The S-RM Cyber Threat Intelligence Briefing is a weekly round-up of the latest cyber security news, trends and indicators, curated by our threat intelligence specialists.
- Ransomware galore. A number of high-profile ransomware attacks this week underscore that this threat is here to stay, causing significant disruption across industries.
- Cyber casualty. In a reminder of the physical consequences of cyber-attacks, German prosecutors allege a ransomware attack on a hospital caused the death of a patient.
- In other stories this week, Shopify deals with an incident caused by rogue employees, and patching Zerologon remains a priority.
Prosecutors open case of negligent homicide after ransomware attack
- German prosecutors have opened a homicide investigation into a ransomware attack on the University of Dusseldorf’s main hospital that took place in early September. The perpetrators exploited a vulnerability in a Citrix virtual private network (VPN) before deploying the ransomware payload.
- The encryption process affected the hospital’s main IT systems, reducing its capacity to intake casualty patients. A critically ill patient was redirected to a hospital approximately 25-30 km away and later died.
- The case represents the first documented cyber security incident which may have directly or indirectly resulted in a fatality.
So what? The case is a pertinent reminder of the potential physical consequences of cyber security incidents. Referred to as ‘silent cyber’ or ‘affirmative cyber’ risks, an increasingly important factor to consider is whether a threat actor can use unauthorised access to corporate networks to cause bodily harm or physical damage to property. While the hospital in this incident appears to have been collateral damage from an attack targeting the university, threat actors continue to target the healthcare and pharmaceutical industries.
Zerologon exploited in the wild, attacks increasing
- Microsoft warns that threat actors are actively exploiting CVE-2020-1472, also known as the Zerologon vulnerability, in attacks in the wild. Not only have threat actors begun to exploit this critical vulnerability in isolated cases, but according to security researchers, the number of attacks has increased significantly over the past week.
- The Zerologon vulnerability enables an unauthenticated threat actor with network access to a domain controller to compromise all Active Directory identity services.
- Threat actors have been observed incorporating this exploit into existing playbooks and modules used in cyber security incidents.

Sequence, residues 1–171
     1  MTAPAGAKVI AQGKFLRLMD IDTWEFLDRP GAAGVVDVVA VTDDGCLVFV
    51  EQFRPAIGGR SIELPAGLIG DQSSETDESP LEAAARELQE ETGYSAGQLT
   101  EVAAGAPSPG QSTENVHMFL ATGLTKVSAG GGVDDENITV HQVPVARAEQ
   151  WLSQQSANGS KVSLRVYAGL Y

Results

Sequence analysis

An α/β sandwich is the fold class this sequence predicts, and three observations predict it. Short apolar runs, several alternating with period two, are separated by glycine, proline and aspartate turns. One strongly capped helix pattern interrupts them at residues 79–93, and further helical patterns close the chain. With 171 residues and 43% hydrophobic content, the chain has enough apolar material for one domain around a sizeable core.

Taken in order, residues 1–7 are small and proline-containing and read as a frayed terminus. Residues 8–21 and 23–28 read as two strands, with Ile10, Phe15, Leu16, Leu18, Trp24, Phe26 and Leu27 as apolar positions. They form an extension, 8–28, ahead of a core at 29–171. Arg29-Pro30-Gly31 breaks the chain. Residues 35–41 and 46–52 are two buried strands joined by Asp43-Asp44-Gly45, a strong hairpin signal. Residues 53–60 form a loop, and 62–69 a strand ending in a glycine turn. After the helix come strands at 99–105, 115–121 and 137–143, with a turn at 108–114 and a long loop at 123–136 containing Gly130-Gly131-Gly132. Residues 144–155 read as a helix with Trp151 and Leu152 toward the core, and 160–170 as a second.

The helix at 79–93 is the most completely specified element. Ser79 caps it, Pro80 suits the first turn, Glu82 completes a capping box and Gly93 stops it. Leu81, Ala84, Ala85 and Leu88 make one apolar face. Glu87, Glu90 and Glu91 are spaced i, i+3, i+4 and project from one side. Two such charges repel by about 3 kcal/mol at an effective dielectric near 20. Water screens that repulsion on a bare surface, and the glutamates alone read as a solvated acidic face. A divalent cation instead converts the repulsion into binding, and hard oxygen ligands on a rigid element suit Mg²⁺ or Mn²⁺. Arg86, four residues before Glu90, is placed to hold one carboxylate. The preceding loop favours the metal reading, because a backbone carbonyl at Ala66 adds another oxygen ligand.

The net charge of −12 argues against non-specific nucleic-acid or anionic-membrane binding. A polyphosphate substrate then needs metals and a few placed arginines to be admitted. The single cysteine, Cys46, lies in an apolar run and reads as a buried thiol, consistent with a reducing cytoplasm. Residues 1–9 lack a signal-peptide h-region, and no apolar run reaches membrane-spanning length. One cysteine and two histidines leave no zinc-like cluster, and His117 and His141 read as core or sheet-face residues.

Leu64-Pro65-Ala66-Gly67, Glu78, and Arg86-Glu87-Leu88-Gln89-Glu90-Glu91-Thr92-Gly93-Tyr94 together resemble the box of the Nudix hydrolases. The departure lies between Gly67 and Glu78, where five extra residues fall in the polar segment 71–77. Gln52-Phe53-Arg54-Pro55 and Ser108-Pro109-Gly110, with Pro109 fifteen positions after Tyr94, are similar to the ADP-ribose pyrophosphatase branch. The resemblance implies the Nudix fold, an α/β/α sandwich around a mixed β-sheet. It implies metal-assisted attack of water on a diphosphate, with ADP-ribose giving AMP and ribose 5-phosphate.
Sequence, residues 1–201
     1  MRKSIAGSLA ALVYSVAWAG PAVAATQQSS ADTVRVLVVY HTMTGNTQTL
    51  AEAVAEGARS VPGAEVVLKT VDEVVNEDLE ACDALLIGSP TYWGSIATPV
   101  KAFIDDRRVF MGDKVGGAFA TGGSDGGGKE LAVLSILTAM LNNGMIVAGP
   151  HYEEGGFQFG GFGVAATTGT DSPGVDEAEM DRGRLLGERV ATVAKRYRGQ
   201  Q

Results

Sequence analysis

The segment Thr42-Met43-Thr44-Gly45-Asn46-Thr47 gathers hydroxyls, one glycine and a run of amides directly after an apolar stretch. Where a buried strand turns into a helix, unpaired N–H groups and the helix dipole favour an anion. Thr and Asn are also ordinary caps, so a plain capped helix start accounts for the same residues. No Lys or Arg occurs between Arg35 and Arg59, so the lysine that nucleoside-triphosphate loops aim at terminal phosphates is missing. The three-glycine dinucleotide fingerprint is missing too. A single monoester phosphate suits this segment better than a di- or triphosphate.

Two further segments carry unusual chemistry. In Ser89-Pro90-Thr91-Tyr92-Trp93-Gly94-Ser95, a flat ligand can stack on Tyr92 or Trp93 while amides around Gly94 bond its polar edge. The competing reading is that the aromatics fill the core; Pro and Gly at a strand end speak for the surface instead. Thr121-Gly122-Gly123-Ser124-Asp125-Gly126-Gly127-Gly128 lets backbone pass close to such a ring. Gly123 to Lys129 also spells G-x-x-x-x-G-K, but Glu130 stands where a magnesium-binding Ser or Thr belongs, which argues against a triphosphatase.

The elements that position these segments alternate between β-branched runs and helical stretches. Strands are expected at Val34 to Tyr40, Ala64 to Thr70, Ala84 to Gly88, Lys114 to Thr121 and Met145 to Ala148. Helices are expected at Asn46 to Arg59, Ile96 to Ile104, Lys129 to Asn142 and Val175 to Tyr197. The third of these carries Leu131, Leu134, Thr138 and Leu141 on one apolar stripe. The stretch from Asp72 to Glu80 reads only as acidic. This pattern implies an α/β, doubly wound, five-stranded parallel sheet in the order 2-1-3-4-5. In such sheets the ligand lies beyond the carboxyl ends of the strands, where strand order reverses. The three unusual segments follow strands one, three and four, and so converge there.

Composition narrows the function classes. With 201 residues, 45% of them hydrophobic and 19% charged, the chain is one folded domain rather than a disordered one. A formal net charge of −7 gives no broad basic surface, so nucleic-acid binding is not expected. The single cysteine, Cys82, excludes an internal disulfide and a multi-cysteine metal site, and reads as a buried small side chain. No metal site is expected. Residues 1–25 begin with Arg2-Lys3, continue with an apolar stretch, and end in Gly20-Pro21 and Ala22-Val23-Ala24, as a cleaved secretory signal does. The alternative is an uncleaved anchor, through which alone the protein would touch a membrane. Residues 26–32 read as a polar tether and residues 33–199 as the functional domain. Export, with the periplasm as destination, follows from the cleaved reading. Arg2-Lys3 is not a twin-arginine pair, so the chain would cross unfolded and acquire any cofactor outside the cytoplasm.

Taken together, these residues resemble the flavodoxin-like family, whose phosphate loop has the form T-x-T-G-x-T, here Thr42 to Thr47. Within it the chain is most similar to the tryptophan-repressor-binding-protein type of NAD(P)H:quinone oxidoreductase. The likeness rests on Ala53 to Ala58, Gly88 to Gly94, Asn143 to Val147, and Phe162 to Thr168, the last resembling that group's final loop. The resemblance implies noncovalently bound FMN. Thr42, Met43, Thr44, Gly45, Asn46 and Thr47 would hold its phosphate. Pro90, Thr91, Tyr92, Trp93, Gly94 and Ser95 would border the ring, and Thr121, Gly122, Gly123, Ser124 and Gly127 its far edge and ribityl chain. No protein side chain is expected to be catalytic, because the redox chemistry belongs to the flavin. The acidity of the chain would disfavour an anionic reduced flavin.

- While Microsoft have not released Zerologon patches for its end-of-life products, the company 0patch has issued a micro-patch for the vulnerable Windows servers that are no longer receiving support, such as Windows Server 2008 R2.
So what for security teams? Mitigation of this vulnerability is a two-step process depending on your environment. Step one is to deploy the initial patch issued by Microsoft on 11 August Patch Tuesday, which solves the vulnerability affecting Windows devices as well as Active Directory domains and trusts. However, to patch the vulnerability to third-party devices, security teams need to not only update the domain controllers, but also enable ‘enforcement mode’. This security feature will automatically be rolled out by Microsoft in February 2021, but we recommend implementing this change manually as soon as possible. As always, audit your logs and check whether any suspicious connections are made to your domain controllers.
Ransomware against shipping
- In the latest cyber security incident in the maritime industry, the French shipping giant CMA CGM has been hit by a ransomware attack. This means that, since 2017, all four of the maritime industry’s largest shipping companies have been infected with ransomware.
- The company took down its shipping container booking system after its Chinese branches in Shanghai, Shenzhen, and Guangzhou were hit by Ragnar Locker ransomware.
- Threat actors are targeting the corporate networks within ports, such as offices and data centres. These systems manage personnel, email, ship inventories and are used to book containers, and as such hold both critical business data as well as control of systems that are also critical for container management on and offshore.
So what for security teams? Security teams in the maritime industry need to focus on securing port systems, instead of the less-likely attacks affecting ships at sea. The fact that ransomware has infected all of the Big Four in the maritime industry presents an interesting case study, as this is the only sector where all Big Four companies have been successfully exploited. Cyber criminals have likely analysed the impact of NotPetya on Maersk in 2017 and determined that the exorbitant impact makes shipping companies attractive targets.
Healthcare provider, UHS, suffers ransomware attack